Zavedskaitė further writes: 'The production acts as a carrousel of a variety of traumas, with circling horses, swans and teddy-bears of trauma; like the suicide of someone close, alcoholism, sexual abuse, or the psychological violence of sister-brother-and-others-in-the-room. I have no doubt that every spectator will find something to choose from, and everyone will indulge in the pleasure of self-identification. And this is when you come to enjoy the fragmented, spatially scattered and seemingly unrevealing dramaturgy by Tomasz Spiewak [...] The directing of Grzegorz Jarzyna functions in a dreamlike way: it acts as a dream machine, generating impulses, hints and touches, to stimulate in the way that music does, inexplicably, corporeally, emotionally. It operates so that you could drag and tie your life to your seat, since you are surrounded by its signs and shapes. We are all hurt by the same things, and Grzegorz knows that.'

The performing arts critic Aušra Kaminskaitė, a reviewer for the popular Internet portal 15min.lt, went to the press conference before the première, and noted in her article on Solaris 4: 'It was discomforting and sad to hear the most prominent actors, who had worked with major Lithuanian directors, say that before Jarzyna they had never experienced such attention to personality, and such a human approach, from any other director [...] By the way, relations serve as a pivotal category in Solaris 4: the concept serves as a key to the human mind, where the facts are overshadowed by the personal approach towards them.'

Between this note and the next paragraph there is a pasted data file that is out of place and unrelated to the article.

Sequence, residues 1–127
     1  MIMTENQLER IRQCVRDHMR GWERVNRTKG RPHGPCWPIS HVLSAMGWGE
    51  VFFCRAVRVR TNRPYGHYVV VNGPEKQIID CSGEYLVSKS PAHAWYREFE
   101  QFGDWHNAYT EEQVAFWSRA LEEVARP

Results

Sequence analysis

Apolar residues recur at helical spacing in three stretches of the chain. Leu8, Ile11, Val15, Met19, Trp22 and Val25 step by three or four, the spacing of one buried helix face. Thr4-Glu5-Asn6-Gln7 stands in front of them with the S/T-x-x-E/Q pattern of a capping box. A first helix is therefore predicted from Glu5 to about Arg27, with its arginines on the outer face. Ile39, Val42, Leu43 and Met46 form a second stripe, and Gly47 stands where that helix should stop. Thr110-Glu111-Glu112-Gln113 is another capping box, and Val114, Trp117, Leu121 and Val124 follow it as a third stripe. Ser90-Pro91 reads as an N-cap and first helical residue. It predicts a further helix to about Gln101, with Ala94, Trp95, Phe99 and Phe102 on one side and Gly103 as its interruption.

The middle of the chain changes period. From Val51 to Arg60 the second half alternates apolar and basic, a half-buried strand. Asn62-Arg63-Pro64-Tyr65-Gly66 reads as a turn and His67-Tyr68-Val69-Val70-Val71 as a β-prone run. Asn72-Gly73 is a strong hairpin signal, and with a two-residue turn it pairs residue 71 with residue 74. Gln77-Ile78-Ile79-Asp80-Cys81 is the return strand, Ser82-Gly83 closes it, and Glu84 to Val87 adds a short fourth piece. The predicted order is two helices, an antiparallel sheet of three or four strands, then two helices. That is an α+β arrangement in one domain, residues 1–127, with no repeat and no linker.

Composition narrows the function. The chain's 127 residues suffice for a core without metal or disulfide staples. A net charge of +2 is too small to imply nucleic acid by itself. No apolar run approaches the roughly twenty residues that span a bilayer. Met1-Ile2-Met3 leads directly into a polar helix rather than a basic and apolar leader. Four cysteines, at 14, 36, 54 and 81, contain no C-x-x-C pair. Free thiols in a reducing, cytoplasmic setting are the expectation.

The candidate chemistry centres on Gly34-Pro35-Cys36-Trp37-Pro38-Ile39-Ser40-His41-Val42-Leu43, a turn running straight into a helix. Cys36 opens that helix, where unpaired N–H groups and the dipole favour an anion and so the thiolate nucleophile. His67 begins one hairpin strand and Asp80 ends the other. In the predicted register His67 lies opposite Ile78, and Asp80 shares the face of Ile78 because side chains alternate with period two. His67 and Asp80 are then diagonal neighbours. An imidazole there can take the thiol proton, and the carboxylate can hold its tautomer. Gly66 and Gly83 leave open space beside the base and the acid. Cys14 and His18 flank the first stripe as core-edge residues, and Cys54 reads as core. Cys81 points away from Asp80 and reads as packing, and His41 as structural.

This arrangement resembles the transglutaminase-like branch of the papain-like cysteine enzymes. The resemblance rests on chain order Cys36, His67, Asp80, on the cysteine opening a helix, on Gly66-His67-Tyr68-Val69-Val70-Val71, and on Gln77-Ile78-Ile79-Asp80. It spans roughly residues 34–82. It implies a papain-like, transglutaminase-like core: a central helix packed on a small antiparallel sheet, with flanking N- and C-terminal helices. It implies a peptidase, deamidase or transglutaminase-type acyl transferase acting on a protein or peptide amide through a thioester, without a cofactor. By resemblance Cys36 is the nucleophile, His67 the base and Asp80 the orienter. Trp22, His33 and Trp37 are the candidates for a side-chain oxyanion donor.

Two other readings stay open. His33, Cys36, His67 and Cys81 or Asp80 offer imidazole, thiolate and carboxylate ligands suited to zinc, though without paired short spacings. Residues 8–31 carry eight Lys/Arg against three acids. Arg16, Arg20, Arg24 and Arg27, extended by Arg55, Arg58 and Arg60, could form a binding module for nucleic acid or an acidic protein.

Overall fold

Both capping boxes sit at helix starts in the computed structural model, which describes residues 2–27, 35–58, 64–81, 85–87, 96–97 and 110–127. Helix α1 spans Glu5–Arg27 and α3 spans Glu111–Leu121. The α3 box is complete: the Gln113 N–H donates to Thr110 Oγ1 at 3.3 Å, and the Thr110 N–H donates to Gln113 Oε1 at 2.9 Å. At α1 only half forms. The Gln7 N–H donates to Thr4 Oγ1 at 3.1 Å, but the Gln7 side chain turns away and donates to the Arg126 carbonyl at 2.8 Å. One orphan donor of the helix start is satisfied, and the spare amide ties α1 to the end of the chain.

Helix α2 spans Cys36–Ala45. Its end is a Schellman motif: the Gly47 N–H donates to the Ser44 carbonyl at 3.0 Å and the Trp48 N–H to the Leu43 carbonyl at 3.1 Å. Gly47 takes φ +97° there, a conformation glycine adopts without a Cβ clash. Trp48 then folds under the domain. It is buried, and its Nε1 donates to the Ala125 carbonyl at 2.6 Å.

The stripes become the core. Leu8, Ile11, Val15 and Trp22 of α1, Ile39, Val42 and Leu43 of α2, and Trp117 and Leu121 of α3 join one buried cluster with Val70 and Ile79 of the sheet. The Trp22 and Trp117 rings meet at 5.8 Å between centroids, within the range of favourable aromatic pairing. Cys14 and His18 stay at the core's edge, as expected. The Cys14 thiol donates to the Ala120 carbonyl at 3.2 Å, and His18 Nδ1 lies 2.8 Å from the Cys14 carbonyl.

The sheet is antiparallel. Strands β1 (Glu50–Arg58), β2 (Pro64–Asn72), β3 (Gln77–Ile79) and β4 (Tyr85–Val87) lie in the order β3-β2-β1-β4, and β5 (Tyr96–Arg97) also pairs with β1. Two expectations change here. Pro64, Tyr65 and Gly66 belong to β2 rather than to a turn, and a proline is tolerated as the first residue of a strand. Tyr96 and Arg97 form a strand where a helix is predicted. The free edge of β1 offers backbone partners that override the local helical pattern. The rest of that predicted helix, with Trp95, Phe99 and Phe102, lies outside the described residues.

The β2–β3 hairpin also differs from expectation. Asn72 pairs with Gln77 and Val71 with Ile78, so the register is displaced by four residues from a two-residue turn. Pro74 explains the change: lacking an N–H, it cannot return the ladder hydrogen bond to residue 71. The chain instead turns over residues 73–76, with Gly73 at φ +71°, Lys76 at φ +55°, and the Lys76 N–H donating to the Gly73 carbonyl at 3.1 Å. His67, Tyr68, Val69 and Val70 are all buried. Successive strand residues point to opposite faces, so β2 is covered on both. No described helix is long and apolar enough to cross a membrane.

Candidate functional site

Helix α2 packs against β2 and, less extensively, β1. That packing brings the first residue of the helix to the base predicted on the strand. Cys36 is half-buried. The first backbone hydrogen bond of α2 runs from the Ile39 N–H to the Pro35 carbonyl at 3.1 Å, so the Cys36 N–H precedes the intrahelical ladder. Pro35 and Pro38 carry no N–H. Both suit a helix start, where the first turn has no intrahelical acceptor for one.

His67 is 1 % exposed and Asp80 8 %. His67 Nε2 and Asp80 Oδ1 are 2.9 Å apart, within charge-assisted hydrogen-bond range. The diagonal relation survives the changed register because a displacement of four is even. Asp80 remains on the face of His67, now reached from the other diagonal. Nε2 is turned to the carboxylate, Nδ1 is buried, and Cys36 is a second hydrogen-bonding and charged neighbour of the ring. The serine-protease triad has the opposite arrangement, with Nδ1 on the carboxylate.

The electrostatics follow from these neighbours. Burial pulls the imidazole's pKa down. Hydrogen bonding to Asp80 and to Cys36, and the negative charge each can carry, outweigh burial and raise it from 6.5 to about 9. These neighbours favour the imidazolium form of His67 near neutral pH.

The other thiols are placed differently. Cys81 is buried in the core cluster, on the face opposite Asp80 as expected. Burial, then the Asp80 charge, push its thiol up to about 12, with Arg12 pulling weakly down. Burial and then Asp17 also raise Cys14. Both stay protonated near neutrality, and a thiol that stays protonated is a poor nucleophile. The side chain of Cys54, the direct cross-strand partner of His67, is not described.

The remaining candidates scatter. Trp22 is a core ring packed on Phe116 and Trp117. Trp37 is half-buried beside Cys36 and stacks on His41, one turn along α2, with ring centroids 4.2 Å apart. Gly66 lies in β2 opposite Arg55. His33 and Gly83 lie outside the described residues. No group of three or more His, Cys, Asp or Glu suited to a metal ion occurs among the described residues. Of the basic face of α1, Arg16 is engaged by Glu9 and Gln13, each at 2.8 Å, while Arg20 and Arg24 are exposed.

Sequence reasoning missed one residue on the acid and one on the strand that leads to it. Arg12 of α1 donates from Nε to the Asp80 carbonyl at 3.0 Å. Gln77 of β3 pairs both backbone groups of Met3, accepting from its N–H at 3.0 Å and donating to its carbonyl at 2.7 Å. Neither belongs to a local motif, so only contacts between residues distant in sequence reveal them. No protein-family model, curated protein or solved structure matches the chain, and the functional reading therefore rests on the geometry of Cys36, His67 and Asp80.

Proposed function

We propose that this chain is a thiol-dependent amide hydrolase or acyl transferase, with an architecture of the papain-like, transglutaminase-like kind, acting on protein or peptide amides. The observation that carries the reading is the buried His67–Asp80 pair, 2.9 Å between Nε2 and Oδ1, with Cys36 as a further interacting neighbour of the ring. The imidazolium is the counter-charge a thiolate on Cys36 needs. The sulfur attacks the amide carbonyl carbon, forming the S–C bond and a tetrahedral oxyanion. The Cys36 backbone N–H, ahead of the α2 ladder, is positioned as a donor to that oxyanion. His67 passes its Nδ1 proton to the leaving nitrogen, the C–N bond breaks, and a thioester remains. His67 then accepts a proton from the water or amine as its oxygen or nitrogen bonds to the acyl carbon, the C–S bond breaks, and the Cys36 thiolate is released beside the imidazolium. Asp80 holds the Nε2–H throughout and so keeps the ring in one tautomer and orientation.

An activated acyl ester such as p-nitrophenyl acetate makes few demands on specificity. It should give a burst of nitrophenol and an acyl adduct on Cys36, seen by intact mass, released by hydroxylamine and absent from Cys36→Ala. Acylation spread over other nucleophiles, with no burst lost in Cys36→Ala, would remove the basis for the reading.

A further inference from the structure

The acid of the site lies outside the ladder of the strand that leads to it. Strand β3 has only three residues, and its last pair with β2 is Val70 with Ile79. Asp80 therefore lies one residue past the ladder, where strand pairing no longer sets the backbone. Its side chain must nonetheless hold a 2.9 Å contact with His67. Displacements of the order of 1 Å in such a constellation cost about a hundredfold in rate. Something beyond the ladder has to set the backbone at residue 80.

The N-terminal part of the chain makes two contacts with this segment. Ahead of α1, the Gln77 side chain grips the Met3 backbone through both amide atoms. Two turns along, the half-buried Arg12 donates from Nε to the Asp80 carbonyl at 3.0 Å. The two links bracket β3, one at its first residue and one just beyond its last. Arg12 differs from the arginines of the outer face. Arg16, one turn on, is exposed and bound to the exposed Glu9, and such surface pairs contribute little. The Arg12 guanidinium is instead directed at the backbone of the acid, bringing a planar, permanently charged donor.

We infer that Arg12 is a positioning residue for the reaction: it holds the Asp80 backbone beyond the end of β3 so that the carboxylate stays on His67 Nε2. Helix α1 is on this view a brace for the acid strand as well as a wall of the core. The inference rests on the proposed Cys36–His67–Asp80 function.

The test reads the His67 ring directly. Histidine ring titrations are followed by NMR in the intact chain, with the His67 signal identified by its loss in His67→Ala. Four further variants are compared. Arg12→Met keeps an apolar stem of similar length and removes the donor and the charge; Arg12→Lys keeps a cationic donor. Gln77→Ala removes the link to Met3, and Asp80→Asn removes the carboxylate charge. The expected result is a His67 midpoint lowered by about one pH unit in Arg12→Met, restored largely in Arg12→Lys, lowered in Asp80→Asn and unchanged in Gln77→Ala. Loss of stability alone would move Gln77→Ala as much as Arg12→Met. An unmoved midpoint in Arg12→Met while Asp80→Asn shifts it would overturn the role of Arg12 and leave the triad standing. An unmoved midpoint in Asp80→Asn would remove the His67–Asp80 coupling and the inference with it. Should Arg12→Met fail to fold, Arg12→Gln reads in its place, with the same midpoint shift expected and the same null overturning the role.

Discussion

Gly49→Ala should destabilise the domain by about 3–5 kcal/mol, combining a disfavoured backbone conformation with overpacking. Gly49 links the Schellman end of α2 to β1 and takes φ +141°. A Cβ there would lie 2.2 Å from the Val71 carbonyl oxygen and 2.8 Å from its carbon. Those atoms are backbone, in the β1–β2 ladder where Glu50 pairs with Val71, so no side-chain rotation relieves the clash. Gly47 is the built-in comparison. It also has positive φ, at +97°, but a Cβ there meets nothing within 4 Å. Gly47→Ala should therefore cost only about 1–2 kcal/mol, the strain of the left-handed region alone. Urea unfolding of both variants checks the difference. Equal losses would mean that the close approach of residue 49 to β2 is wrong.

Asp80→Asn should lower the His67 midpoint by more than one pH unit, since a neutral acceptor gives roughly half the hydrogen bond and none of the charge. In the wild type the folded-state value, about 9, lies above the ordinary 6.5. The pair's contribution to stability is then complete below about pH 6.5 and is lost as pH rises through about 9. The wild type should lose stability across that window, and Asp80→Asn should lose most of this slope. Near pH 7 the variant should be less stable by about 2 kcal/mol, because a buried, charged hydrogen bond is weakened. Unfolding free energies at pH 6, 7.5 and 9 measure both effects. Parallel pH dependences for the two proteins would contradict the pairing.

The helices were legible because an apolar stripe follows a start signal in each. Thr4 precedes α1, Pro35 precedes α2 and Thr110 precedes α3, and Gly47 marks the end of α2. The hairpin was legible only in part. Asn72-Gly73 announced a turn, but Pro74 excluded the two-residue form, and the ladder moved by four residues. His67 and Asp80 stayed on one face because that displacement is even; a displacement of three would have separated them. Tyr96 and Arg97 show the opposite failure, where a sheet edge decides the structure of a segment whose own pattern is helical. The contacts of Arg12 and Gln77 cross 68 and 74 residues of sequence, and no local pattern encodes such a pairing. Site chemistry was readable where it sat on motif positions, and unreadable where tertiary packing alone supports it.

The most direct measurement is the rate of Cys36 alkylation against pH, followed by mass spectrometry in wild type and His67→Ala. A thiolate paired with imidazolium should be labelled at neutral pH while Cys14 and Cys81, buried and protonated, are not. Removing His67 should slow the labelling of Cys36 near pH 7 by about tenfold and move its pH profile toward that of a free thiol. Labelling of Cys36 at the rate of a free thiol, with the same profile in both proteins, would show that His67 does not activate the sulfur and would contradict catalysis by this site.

The critic is 'eager to read' the stories of the characters in Solaris 4 as 'a diagnosis of a certain part of Lithuanian theatre'. According to Kaminskaitė, the duo of Snaut (Ivanauskas) and Sister (Samuolytė) is 'a yearning for the theatre of times past, or perhaps an illustration of Jarzyna's own theatrical path, from when he first saw the actors on stage to when he actually started working with them. A physically incapable and yet authoritative Gibarian cannot function without a woman by his side, as a representation of the theatre's idols, whose experience and professional skills deserve the highest praise; however, today their creative expression is inert, no longer conveying the impression that brought them to the ranks of the theatrical elite several decades earlier.'

Kaminskaitė concludes that in this production 'Jarzyna acknowledges the influence every person exerts upon the ocean, i.e. the formation of the world. Therefore, his hero is a person capable of facing his or her shame, fear and desperation. It is not a superman with extraordinary abilities, but rather a brave person, straightforwardly approaching his or her deepest fears. Apparently, this is the key to the change proposed by the director: let us put our house in order, and the ocean will reward the whole world for it.'

The theatre critics of the older generation did not find such deep insights in Solaris 4, and were rather harsh in their assessment of the première. 'I believe the expression “he would turn in his grave” is in order here,' wrote the theatre reviewer Jūratė Visockaitė in the cultural weekly Literatūra ir menas, referring to the author of the novel. The reviewer was horrified that the creators of the production expanded the agonising memories of Lem's characters with 'sexual dramas', where 'the shameful or traumatic workings of the subconscious can only be traced via hints, and were not explicitly associated with sex.' Outraged with the abundance of screens and recorded footage on the stage, Visockaitė regrets that 'Here, the living actor and the narrative obscured by the technology are given a supporting role only. Performers waiting for their entrance in the wings and backstage of Solaris, while the performance flickers and draws to a close, appear to be weary and confused, alone in the jelly of this ocean. Cinema shown on theatre sets is bad cinema.'